There are, but that's very hard to find.
The main issue is finding a designer or "partner" who has the same goals as you. The most experienced designers will want an appropriate payment for their work and usually already have a bank of clients. They often don't need a portfolio either unless they want to change industry. The youngest ones are often unreliable, are full of short term spark at the start and need a lot of training on pretty much everything, including how to write a proper response by email. And on top of this, it's hard to evaluate what's the value of the coding work that was done versus the design work; if you exchange services, it needs to be fair on both sides.
Then there's the ego; that's a problem for everyone, at different degrees!
From experience, it's easier to hire people, pay them and keep the leader role. It's also easier to fire them and keep some control (and privacy) on your clients' details. Then later when things seem to work fine, a partnership can be created. Consider your offer in a similar way as community work and with similar results; people who work without payment don't feel like they'll owe you anything and won't feel they have responsibility towards the projects, at least not as much as someone who gets paid for it. You could meet community centers managers and ask them about the volunteers rotation, and how it's hard to retain them. You will go through the "enchanted" phase the first few weeks when you'll meet candidates then all the little bugs will appear and you'll realize the person is really not a good fit and maybe even cause you losses.
In most case, when you work with other people, everybody got their own self-interest. If the plan is to share design work to build a portfolio and if there's no money involved, expect people to get what they need and to see them go. Even with a pay check, it's often hard to work with some people since they have a... welfare attitude. If they're not used to make money (eg. new designers), they'll feel rich after cashing $500 and you'll only hear from them once that money got spent (teehee!) The same often happen with part-time freelancers who also have another job; they will not put priority on your projects and you'll always be a #2. If you are alright with this, then it's fine.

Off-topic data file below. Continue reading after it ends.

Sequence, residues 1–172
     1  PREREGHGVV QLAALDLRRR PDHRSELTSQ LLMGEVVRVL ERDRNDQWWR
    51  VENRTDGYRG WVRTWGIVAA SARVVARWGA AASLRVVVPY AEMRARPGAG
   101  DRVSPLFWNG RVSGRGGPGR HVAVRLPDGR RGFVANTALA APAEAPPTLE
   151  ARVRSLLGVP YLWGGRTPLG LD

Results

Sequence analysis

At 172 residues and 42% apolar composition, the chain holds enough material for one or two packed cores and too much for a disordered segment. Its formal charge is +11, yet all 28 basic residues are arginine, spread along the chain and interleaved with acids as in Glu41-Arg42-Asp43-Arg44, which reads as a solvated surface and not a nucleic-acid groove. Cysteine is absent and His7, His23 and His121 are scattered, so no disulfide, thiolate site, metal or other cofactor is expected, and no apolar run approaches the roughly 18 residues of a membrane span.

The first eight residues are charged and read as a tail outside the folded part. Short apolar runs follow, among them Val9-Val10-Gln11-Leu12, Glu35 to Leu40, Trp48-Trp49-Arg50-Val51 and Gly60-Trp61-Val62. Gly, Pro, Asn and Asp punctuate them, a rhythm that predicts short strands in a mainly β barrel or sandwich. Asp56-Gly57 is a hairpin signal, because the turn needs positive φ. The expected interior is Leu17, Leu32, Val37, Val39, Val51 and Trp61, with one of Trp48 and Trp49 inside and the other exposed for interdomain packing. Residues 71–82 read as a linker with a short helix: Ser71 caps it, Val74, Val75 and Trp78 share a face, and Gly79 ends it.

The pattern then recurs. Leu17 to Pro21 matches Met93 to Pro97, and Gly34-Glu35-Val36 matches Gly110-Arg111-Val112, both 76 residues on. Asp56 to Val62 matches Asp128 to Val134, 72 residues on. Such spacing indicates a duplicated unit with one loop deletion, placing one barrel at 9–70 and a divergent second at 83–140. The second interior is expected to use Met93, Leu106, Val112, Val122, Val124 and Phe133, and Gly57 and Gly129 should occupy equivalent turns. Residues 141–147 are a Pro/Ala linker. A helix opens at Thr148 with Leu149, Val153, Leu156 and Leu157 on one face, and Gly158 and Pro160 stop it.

How to find good candidates? Hire them, consider them as employees or business relationships and don't get too friendly. Do interviews, find them in your network, do the same process as any other businesses. Hang around places like the InkSpot chat on this Stack or Facebook groups, observe people and then make an offer if you want to work with them. Don't use the formula "free work but full of potential"; that will really turn off the real good designers as they hear that pretty much e-v-e-r-y-d-a-y!
There's tons of good designers but you need to find the ones who have passion for design, motivation (eg. wants to make money), are not idealists and have good social or at least business skills. That's why observing people in your network or infiltrating designers' circles is the best way to find them... in my opinion.